Buying a second hand computer

Tips & Hints

Buying a second hand computer appears attractive, but theres more pitfalls than advantages.

Posted 25 February, 2005

Computers are expensive items, so buying second hand appears an attractive option. Sadly unlike other high priced items, we’ve found second hand not to be such a good deal. The reasons for this are to be found in the nature of the computer industry.

Few industries develop as fast as the computers. That shiny system on the shelf at your local computer shop is almost certainly about to be replaced by a better system. Today’s top system is next year’s old dog. 

As the newer technology becomes available, the older equipment gets left behind. Parts for older systems become difficult and expensive to find, making repairs harder. The older systems also become incompatible with newer software and accessories. 

The two main reasons for ditching a computer are that it no longer does what the user needs or the system has become unreliable or needs expensive repairs. A machine that needs expensive repairs is simply not an option for most computer buyers. Even if the older computer is running well, the odds are an older computer is going to fail sooner than a new system. 

Dealers in second hand systems have to allow for the increased likelihood of failure. So we find five year old systems selling for half the price of new systems with only a three month warranty. Not only does it have five year old specifications and parts, but it also has a five year old operating system. 

Running Window 98 or Mac OS9 might not be a problem if you just need a glorified typewriter. At the right price, an older system for that use may be worthwhile. The problems arise as soon as you buy a new printer to go with that typewriter, or decide to try out a digital camera or the grandkids come around with new game. 

Replacing a system because it doesn’t run the latest software or hardware is the other common reason for replacing an old box. A second hand system might be a good buy if the previous owner was an architect or engineer who upgraded because the old system couldn’t run Autocad. If the original owner was someone with similar computer needs to you, then the system probably won’t meet your needs either. 

Probably the biggest mistake buyers of second hand computers make is paying too much. A five year old Celeron 500 MHz sells for around a third of a new computer. The new computer is six times faster, has four times more memory, ten times bigger hard drive, four times longer warranty, runs the latest operating system and comes with all the software and manuals.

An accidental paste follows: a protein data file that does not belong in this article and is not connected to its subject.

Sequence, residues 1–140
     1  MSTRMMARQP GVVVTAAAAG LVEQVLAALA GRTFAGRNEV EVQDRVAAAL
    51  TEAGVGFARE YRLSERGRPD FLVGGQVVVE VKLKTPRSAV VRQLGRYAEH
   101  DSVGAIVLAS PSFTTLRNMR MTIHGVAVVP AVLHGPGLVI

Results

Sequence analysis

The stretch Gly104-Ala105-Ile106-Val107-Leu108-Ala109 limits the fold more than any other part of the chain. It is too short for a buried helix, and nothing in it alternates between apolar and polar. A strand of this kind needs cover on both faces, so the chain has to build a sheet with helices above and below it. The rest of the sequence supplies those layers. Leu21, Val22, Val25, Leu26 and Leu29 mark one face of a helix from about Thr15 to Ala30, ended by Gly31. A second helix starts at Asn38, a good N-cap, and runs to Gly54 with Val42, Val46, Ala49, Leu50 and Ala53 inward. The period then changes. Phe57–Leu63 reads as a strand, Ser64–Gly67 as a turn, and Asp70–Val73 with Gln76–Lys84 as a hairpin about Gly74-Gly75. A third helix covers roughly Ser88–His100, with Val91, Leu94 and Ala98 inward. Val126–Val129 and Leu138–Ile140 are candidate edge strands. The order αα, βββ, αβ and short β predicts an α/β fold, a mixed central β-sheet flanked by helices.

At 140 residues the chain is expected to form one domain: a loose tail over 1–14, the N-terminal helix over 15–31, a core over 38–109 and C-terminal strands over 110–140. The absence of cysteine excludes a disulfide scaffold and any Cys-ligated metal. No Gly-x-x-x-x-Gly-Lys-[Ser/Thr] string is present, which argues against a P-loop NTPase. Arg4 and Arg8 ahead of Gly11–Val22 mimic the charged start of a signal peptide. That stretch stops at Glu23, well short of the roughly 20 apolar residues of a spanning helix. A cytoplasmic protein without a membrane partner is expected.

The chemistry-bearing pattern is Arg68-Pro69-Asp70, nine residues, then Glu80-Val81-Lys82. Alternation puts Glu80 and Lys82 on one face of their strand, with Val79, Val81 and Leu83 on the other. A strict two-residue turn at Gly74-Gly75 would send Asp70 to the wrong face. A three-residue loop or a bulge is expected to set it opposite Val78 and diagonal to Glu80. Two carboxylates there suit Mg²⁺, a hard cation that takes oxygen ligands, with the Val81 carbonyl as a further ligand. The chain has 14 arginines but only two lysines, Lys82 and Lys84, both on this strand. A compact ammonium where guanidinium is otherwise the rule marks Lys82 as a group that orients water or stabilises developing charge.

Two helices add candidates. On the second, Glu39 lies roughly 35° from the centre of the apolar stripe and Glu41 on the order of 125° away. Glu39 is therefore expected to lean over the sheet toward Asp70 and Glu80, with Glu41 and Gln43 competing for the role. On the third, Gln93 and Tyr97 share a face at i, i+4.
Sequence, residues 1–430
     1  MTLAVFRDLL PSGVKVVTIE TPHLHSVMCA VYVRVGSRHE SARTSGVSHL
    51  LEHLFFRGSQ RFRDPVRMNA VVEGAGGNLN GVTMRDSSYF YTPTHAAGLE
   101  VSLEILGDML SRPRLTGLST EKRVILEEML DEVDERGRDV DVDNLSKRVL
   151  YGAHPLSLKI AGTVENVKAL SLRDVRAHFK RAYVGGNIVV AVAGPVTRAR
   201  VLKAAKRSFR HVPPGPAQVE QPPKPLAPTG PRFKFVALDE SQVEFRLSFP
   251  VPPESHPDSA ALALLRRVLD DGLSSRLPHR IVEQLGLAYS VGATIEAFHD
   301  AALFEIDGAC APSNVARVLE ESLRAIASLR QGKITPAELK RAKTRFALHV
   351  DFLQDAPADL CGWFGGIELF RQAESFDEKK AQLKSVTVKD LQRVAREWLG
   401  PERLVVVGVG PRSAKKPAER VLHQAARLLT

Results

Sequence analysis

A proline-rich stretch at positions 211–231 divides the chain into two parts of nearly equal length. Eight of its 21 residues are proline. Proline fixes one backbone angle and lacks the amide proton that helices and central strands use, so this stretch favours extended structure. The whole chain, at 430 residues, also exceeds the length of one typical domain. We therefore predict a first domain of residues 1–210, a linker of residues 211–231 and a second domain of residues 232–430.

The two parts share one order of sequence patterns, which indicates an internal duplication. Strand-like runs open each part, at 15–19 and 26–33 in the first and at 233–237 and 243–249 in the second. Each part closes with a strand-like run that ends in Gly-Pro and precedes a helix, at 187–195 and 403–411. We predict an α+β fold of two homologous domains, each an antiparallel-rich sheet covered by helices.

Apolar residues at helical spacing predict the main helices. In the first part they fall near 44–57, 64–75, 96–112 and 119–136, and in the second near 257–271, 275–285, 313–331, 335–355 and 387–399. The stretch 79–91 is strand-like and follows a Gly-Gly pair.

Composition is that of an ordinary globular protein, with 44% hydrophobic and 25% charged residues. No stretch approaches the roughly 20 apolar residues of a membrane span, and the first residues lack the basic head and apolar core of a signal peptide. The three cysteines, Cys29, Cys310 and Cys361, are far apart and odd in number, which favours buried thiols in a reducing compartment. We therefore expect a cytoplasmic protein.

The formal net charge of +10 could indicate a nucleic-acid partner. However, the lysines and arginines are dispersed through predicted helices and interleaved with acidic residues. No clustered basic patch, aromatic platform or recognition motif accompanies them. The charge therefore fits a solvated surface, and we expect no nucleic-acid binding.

Software and manuals are one of the biggest problems with second hand systems. Many come without the original disks, licences and manuals. If something goes wrong, you have to buy all the software that the system came with. 

This is where auctions are dangerous for computer buyers. Equipment is sold on an as-is basis. The system might be cheap, but if the disks aren’t with it then tough, same with defective software or missing passwords.  

Not all auctions though are second hand. Some brand names sell their excess or returned stock through online auctions. These can be good deals, but it’s important to check what a new system costs first, it’s too easy to get carried away at an auction. 

There are other situations where second hand systems are worthwhile. Apple Macs have an established second hand market where good deals can be had, and high-end users like engineers and graphic designers may dispose of good systems simply because they need even more powerful machines.  

Should you buy second hand, it’s essential to know what a new system costs before starting. When buying or bidding, it’s important to factor in the limited specs or life of an older system. It’s also essential to allow for the cost of buying any missing software and licences. 

Overall, we believe that second hand computers are rarely worth the money. If you believe you can find a good deal, then check the cost of a new system and what is included before buying. It’s important to be an informed buyer before entering the second hand market.
PC Rescue Pty Ltd, Suite 236, 4 Young Street Neutral Bay NSW 2089
ABN 36 082 635 765
ŠTechnology Publishing Australia, 2008